Jilline purchased the replacement hearing aids and is now able to communicate better with others at work and at home. “I hear the little things like the rain outside or the baby crying next door, and I can hear my coworkers ask me for help from across a noisy room. Very exciting!”
Keyson, a 12 year old boy who has autism and epilepsy, always had difficulty with his oral communication. His parents were able to borrow a speech generating device from ABLE Tech that could be tried during his speech therapy sessions as well as at home. His parents said, “We’ve always played the guessing game with him since he’s non-verbal. I think by having the device it will get him closer to communicating verbally with us.”
Sally, a retiree, has a degenerative eye disease that makes it more difficult for her to see printed materials and actively participate with other activities that require close up work. ABLE Tech provided her with a donated CCTV from the Oklahoma Equipment Exchange program. Sally was thrilled when she said, “This will be great, I will be able to easily read my mail, write checks, thread a needle or even paint my nails. I would not have known of the opportunity to receive the CCTV at no cost without the help of ABLE Tech.”
K is a 3 year old little boy with a huge personality! His mother initially reached out for support with transitioning services to public school. Occupational therapy services were provided within the home along with a recommendation for an orientation and mobility consultation once his mobility increased. In addition to physical disabilities, K also has blindness which affects his mobility and overall development. K made tremendous progress and has learned how to get dressed with appropriate supports, take off his foot splints, and gain more sensory skills by using a PVC sensory table that promoted his ability to stand and play while gaining strength. NewView staff, a demonstration/loan partner of ABLE Tech, created the sensory table and a braille board to demonstrate the effectiveness of AT that could be used in the home and later with his transition into school. NewView staff knows he will continue to thrive and they look forward to being a part of his journey!
Connor, an entering freshman at Oklahoma State University (OSU) broke his leg at the beginning of the academic year. He was in need of a motorized wheelchair in order to effectively attend all of his college courses.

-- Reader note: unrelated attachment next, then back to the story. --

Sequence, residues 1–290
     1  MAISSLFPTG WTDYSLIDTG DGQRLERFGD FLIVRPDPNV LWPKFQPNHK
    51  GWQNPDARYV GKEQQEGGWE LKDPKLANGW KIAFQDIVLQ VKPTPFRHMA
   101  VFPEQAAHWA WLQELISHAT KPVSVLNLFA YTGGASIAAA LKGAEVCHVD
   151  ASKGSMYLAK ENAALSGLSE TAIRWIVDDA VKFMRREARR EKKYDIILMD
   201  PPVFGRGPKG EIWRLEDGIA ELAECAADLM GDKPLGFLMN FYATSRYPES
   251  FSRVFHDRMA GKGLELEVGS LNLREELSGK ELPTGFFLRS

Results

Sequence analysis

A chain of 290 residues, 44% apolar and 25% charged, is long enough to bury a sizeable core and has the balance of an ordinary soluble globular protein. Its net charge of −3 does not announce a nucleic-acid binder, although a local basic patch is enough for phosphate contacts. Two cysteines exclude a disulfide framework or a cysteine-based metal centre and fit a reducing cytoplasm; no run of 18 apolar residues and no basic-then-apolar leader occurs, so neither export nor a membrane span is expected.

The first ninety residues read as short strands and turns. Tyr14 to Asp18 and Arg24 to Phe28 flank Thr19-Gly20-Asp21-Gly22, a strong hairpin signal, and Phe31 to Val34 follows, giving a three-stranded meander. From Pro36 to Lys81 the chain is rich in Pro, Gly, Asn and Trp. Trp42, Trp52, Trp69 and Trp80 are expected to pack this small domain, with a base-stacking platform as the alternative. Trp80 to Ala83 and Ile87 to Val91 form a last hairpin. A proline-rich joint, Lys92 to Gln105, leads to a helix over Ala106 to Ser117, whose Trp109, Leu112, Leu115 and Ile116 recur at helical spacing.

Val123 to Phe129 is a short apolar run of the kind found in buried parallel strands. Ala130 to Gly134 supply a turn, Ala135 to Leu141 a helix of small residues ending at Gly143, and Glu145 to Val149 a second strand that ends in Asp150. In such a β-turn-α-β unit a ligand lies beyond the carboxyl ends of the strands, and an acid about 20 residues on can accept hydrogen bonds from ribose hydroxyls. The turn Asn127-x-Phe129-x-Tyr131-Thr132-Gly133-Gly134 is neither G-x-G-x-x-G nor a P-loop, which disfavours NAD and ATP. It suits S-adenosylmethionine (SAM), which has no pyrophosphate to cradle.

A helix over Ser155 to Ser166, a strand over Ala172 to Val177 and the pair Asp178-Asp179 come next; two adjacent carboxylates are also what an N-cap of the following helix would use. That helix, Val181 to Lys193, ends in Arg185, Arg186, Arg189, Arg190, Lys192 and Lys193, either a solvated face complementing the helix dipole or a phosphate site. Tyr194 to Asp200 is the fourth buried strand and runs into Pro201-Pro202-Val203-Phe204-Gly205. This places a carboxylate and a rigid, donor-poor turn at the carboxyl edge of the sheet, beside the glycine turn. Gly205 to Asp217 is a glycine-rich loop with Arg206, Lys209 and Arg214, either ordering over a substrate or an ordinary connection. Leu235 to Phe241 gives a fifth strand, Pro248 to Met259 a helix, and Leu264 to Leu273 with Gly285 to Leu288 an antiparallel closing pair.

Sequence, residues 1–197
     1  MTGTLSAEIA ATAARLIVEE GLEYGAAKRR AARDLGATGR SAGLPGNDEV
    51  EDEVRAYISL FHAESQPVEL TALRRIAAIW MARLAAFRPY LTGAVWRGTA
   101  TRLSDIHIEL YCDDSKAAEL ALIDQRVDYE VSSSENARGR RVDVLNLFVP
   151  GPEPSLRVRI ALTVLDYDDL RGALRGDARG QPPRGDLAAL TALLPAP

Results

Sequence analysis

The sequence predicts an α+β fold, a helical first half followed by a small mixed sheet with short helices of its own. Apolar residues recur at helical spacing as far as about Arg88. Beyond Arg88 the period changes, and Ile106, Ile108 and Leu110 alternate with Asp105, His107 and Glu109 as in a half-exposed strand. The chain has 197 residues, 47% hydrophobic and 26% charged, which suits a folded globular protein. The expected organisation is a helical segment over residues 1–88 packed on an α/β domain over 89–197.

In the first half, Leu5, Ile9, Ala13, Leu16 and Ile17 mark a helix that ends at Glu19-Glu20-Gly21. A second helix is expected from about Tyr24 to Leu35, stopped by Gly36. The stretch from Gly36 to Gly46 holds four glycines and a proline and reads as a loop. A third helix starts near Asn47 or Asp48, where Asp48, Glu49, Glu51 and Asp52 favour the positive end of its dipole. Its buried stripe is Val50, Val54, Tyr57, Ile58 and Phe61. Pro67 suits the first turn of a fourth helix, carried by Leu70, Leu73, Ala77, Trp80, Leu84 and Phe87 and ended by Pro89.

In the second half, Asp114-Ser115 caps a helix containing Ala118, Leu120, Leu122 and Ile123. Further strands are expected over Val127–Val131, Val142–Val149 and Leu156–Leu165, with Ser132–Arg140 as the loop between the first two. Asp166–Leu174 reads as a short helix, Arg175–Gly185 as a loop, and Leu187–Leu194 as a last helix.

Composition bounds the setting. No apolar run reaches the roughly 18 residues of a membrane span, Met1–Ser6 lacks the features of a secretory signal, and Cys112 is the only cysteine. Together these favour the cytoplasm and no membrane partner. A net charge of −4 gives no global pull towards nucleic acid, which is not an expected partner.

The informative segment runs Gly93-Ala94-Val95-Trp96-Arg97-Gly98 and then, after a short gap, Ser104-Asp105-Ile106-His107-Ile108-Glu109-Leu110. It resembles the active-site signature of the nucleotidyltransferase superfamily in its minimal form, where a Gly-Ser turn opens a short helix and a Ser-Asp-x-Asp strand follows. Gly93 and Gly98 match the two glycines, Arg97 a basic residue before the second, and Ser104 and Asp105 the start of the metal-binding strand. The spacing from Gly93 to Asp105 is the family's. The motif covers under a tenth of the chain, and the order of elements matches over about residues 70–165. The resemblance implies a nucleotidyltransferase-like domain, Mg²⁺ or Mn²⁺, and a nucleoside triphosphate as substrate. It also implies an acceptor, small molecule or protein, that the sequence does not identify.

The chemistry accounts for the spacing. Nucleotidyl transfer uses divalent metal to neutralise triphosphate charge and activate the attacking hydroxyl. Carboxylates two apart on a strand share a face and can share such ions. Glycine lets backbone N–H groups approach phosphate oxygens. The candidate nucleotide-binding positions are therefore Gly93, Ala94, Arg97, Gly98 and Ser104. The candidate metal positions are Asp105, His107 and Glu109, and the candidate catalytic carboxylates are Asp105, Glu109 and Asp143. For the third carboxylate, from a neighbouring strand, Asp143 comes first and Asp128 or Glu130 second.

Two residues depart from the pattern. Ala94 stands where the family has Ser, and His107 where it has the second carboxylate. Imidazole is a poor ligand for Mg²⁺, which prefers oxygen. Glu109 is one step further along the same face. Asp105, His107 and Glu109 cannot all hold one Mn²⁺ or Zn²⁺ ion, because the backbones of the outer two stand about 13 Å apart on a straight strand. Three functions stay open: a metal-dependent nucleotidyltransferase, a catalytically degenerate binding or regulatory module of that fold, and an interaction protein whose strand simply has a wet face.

OSU Student Services successfully connected him with ABLE Tech’s Oklahoma Durable Medical Equipment Reuse Program that had a motorized wheelchair which could Oklahoma ABLE Tech Partners meet his needs. “Having this power wheelchair gives me the full Oklahoma State University experience.”
ABLE Tech hosted the first ever Technology Accessibility Oklahoma, or TechAccessOK, conference on September 8th in Oklahoma City. This conference brought together state and national speakers to talk about accessible technology from a number of points of view. Thanks to the Southwest ADA Center out of Houston, the event was entirely free. This let many people from state agencies, higher education and affiliated organizations justify making the trip. In the end, over 160 people attended TechAccessOK. The first year of the event was a tremendous success!
Oklahoma ABLE Tech
Oklahoma State University Department of Wellness
1514 W. Hall of Fame
Stillwater, OK 74078
Toll-free: 888.885.5588 (v/tty)
Oklahoma State University Department of Communication Sciences and Disorder
Hearing Loss Association of America, Central Oklahoma Chapter
Oklahoma City, 405.717.9820
John W. Keys Speech and Hearing Center
The University of Oklahoma Health Sciences Center
Oklahoma City, 405.271.2866
Oklahoma City, 405.521.4880
Oklahoma Department of Rehabilitation Services
Visual Services Center Division
Vocational Rehabilitation Division
Oklahoma City, 405.522.3536
Pathways Therapy Center
The Children's Center Rehabilitation Hospital
SoonerStart Intervention Program
Oklahoma City, 405.271.8333
Total Source for Hearing-loss and Access
United Access (Mobility)
Oklahoma City, 888.939.1010
This publication is available in alternative formats; please call 800.257.1705 (v/tty) for more information. ABLE Tech is funded through the the Administration for Community Living of the U.S. Department of Health and Human Services, and maintains coordination and collaboration efforts with partners throughout the State of Oklahoma. This publication does not necessarily reflect the position of the policy of ACL/HHS, and no official endorsement of the material should be inferred.